I know these feelings. I’m a young person in the Church and the only thing that helps me get through is the gospel. I’m going to be blunt here: these 12 theses are not what the gospel says to do, they are issues that were created by man. The communication is there; It’s right on the Church websites! The adaptation bit: No. The church will not adapt to fit millennial because it us from God. God is the same yesterday, today, and forever, and His gospel will be the same. The cliques are a very real problem and I still struggle with them, but if we are in the same ‘circle’, if you will, as God, we will be exalted on high in the end.
    I think, dear author,that you should spend quality time with the scriptures. The Standard Works, General Conference talks, teachings of the Prophets- the whole deal. Have a question you want answered, a specific one. Seek help from a bishop- you want mentoring and it is 100% available to you. You only have to ask.
    Look at the Mutual theme of James 1:5–6. If any of you lack wisdom, let him ask of God, that giveth to all men liberally, and upbraideth not, and it shall be given him.
    Ask in faith. You say you want to feel jubilant about Christ, so it is up to you to get there.
    Listen. The answers are all around you through the whispers of the Spirit. If you listen, you will hear. God loves you more than you can imagine! He wants you to have the answers but He won’t spoonfeed you, which is what our generation is used to. Ask and ye shall find; knock and it shall be opened unto you.

  4. Understanding the author can make a difference in this article. If you follow the article to the host site, it has this note About the Author at the end.

    About the Author: Sam Eaton is a writer, speaker, and in-progress author who’s in love with all things Jesus, laughter, adventure, hilarious dance parties and vulnerability. Sam is also the founder of Recklessly Alive Ministries, a mental health and suicide-prevention ministry sprinting towards a world with zero deaths from suicide. Come hang out with him at RecklesslyAlive.com.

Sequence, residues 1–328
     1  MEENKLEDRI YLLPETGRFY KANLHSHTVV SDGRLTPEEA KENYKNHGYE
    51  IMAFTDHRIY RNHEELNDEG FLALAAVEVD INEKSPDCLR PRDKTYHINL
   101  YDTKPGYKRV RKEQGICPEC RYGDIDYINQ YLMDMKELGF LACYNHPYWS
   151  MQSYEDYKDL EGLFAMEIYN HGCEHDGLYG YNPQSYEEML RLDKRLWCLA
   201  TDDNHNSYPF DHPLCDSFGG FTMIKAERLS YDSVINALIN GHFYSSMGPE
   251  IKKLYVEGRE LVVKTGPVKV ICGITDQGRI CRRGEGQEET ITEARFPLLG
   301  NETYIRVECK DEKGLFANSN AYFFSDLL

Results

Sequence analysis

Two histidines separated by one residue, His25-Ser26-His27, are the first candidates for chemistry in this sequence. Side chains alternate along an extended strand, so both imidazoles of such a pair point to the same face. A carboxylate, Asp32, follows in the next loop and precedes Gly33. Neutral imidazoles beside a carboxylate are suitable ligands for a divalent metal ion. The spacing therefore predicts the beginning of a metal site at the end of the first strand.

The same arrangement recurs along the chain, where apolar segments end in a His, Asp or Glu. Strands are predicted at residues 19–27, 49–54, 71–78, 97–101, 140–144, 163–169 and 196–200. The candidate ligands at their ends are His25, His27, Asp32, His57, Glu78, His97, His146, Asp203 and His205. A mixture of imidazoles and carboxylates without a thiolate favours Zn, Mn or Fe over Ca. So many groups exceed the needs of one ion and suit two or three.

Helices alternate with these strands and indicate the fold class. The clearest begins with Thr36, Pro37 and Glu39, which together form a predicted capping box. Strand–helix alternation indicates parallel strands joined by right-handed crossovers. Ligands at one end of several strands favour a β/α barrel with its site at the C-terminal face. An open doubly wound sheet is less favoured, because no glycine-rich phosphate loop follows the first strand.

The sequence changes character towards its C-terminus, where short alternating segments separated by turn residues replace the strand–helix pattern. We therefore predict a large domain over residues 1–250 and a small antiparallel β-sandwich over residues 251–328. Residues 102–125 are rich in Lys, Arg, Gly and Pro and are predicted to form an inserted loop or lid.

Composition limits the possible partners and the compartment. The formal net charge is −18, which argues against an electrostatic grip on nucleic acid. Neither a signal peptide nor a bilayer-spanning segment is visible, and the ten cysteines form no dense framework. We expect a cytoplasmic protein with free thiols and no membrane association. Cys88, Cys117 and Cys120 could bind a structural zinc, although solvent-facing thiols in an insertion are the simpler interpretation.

He also has this website.
    http://www.recklesslyalive.com/meet-sam-2/

    I would guess he is not LDS. Therefore my first response to the author would be to check out The Church of Jesus Christ of Latter-Day Saints. I don’t believe our church fits into his standard grouping of “the church” he describes. Our church is headed by a prophet and apostles who are in tune with the Lord. They are aware of the struggles of Millennials and many changes have occurred in the church to help that group fit in and find joy in the Gospel of Jesus Christ. I don’t believe that our church is never changing. We have modern day revelation to help solve today’s problems. No other church has that.

    As for service, Find a cause that you are passionate about and give it your best efforts. I don’t think God cares where we serve as long as we serve somewhere. No matter what your passion, there is a group out there that will help you to serve. And if you can’t find one, the create one. You don’t have to sit back and wait for a calling to serve. Pray for inspiration and then get up and follow the promptings that will come to you. God never turns down helping hands. Not sure where to get started, try the LDS JustServe website, a wonderful crowd sourcing tool to help those in need. Find a need on the site and fill it or add a need to get help for your passion.

    https://www.justserve.org/

  5. This is an interesting article that is a great conversation about how our society is struggling religiously and spiritually. I feel the LDS church does quite well on most of these and it made me feel encouraged by the efforts of our leadership to continue to connect with our millenials. However, I completely agree with the end of times rhetoric complaint. This is not a leadership problem, but members in lessons are constantly coming to this point. There is a societal issue? Clearly the world is ending. We get it. We’re getting closer, but not every issue needs to reference the last days. (Particularly as it relates to thinly veiled political opinions) *personal rant*

Leave a Reply

Your email address will not be published. Required fields are marked *

This site uses Akismet to reduce spam. Learn how your comment data is processed.

You May Also Like

Organized LDS Family

Organized LDS Family is a neat little site full of Excel spreadsheets and check lists to keep LDS families organized. They have templates for budgets, Scout tracking, and 72 hour…
View Post